6: Spacedust – Gym and Tonic
Ah, now this is my favourite kind of random dance single. One that has a genuine pull up a chair and listen story behind it. The diverting fusion of club beats and exercise workout instructions was created by a Frenchman – a Paris nightclub DJ called Christophe LeFrient who styled himself “Bob Sinclar” in tribute to the famous James Bond spoof film “Le Magnifique”. The writer of the track was a certain Thomas Bangalter- he of the Stardust record we stumbled across earlier. The pair built the record out of samples from an old Jane Fonda workout album overlaid over an old disco track called Bad Mouthin’ and generated enough interest from white label pressings to persuade labels to start sniffing around for the rights to release it properly. Whilst the track (originally titled Gym Tonic) came out in France under Sinclar’s name, clearance for UK release was rather trickier to obtain. Bangalter was reportedly rather unhappy with the track to begin with, feeling it detracted from his own productions under his own steam. To make matters worse Jane Fonda’s vocals were a further sticking point, with the UK rights holders of the original “Workout” series declining to co-operate and Fonda herself threatening legal action for breach of copyright.
Hence it came as little surprise to see a version begin to circulate with the Fonda vocals removed and a soundalike inserted in her place. What was more curious was that the credited artist on the track was now “Spacedust”, the identity of whom was a mystery at the time – and indeed right up until the official release of the single the assumption was that this was simply Sinclar and Bangalter operating under a new pseudonym to distance themselves further from the illicit original. Needless to say, it wasn’t. This new version was the creation of Englishmen Paul Glancey and Duncan Glasson (erroneously credited on the initial pressings of the CD) who had put together their version with an eye to being formally asked to remix the original. Instead, the rights to their version were snapped up by East West records who realised they could steam in with a hit whilst the original was tied up in a copyright dispute. Their reward was an instant Number One hit, albeit one which was swiftly bumped down to Number 6 a week later. The track is now a little too obscure to appear on streaming sites, which is odd because follow-up mid-table single Let’s Get Down is itself online. Have the video anyway, just for the fun of it.
The reason for its swift 1-6 chart decline? Not actually because its sales crashed to that extent, but it came up against something unique in British chart history – a Top 5 made up entirely of brand new entries.
Bringing up the rear so to speak was this, the first single from Alanis Morrissette’s album Supposed Former Infatuation Junkie and her first new material since the Jagged Little Pill album had shot her to stardom three years earlier. Trading on that reputation both the single and album were inevitably going to be her commercial highpoint, and so it proved. The wistful Thank U – the lyrics bizarrely recounting a tale of Delhi belly she got on a promotional tour – shot straight to the Top 5 to become her biggest ever UK hit single. Mention has to be made of the video for the track which saw a naked Alanis (with the interesting bits blurred out) being embraced by strangers in a variety of urban settings. The subsequent French and Saunders parody was if anything just as memorable.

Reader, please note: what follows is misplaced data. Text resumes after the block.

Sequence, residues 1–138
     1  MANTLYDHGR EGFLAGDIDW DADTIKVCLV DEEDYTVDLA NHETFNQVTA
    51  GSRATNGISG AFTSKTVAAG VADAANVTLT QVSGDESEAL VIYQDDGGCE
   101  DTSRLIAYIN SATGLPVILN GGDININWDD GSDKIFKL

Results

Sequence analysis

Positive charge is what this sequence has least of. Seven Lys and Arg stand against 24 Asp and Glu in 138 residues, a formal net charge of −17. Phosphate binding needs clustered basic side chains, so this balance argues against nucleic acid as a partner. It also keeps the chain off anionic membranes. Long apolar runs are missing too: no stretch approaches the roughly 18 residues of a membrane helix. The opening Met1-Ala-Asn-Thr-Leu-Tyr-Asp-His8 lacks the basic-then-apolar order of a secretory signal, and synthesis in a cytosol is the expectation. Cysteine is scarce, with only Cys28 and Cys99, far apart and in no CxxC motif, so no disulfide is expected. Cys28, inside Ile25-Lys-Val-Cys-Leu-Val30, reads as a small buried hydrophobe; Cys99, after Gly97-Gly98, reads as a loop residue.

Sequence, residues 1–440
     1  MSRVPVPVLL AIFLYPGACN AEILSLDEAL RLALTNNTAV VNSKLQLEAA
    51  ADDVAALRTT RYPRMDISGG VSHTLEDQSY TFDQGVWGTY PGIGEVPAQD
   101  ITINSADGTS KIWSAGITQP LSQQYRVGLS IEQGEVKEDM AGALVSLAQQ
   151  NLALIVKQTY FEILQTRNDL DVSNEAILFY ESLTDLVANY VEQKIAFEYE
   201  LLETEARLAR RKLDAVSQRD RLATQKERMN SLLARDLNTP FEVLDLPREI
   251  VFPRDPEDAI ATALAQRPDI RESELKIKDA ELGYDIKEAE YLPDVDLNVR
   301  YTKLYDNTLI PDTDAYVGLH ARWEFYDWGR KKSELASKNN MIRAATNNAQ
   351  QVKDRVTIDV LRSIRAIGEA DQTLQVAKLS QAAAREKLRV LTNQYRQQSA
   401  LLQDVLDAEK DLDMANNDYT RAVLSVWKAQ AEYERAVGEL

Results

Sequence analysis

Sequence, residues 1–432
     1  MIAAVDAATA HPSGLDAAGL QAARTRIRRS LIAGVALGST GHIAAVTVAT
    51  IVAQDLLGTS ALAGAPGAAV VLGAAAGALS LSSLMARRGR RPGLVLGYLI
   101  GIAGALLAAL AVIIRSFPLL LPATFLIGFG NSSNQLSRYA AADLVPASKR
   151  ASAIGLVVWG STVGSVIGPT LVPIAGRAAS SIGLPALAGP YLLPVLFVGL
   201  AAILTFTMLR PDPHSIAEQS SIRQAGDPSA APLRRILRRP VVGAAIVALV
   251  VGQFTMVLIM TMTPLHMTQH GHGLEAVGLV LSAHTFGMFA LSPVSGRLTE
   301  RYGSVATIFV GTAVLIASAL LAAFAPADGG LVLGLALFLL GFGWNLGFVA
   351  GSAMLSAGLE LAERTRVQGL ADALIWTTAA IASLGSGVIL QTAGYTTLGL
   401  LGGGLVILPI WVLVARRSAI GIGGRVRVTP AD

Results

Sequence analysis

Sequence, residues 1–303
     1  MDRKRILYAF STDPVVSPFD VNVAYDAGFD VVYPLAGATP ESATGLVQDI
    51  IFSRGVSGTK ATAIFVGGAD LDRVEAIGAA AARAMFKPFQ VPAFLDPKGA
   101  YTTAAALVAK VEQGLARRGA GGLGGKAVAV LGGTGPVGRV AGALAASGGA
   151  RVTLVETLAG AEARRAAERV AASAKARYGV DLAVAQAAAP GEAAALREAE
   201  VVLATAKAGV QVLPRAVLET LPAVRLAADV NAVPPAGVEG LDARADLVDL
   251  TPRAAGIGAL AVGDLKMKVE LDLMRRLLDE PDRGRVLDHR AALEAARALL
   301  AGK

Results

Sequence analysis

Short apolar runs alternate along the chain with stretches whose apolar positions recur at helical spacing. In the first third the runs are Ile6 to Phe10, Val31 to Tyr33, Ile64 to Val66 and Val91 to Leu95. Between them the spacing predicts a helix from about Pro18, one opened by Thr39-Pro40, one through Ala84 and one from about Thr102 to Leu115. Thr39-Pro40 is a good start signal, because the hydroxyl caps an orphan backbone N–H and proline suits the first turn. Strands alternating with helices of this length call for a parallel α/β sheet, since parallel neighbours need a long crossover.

Once upon a time, bands from the 1980s didn’t reunite every five minutes for a nostalgia tour or a TV special, so when one did so it was a very special thing indeed. The first Culture Club reunion after they broke up in 1986 actually came in 1989 when a series of songs were written and recorded for an album that was ultimately never to be released. Boy George was more interested in reinventing himself as a dance music star, this work manifesting itself in the Jesus Loves You project in 1991 and in particular the hit single Bow Down Mister which somehow turned the Hari Krishna mantra into a mainstream club hit. Having spent most of the decade as a highly regarded club DJ, George was finally persuaded to put his differences with the rest of the group (Jon Moss in particular aside) and reunite with them for a reunion tour. To help an accompanying hits collection based around a performance for the VH1 show Storytellers on the way, the group returned to the studio for the first time in 12 years to produce a handful of new songs, with the lilting Just Wanna Be Loved, featuring the band well and truly back in the Do You Really Want To Hurt Me groove selected for single release. The song wasn’t necessarily the greatest Culture Club single ever, but crucially it was a long way from the worst and it more than justified its existence by flying straight into the Top 5 upon release. Part of it may well have been for the nostalgic buzz of hearing Boy George singing lovers’ rock once again but the simple fact was that Just Wanna Be Loved was their biggest hit single since The War Song 14 years earlier. A group who had barely been on speaking terms for the best part of a decade sounded for all the world like they had never been away. It was hard to resist that kind of charm.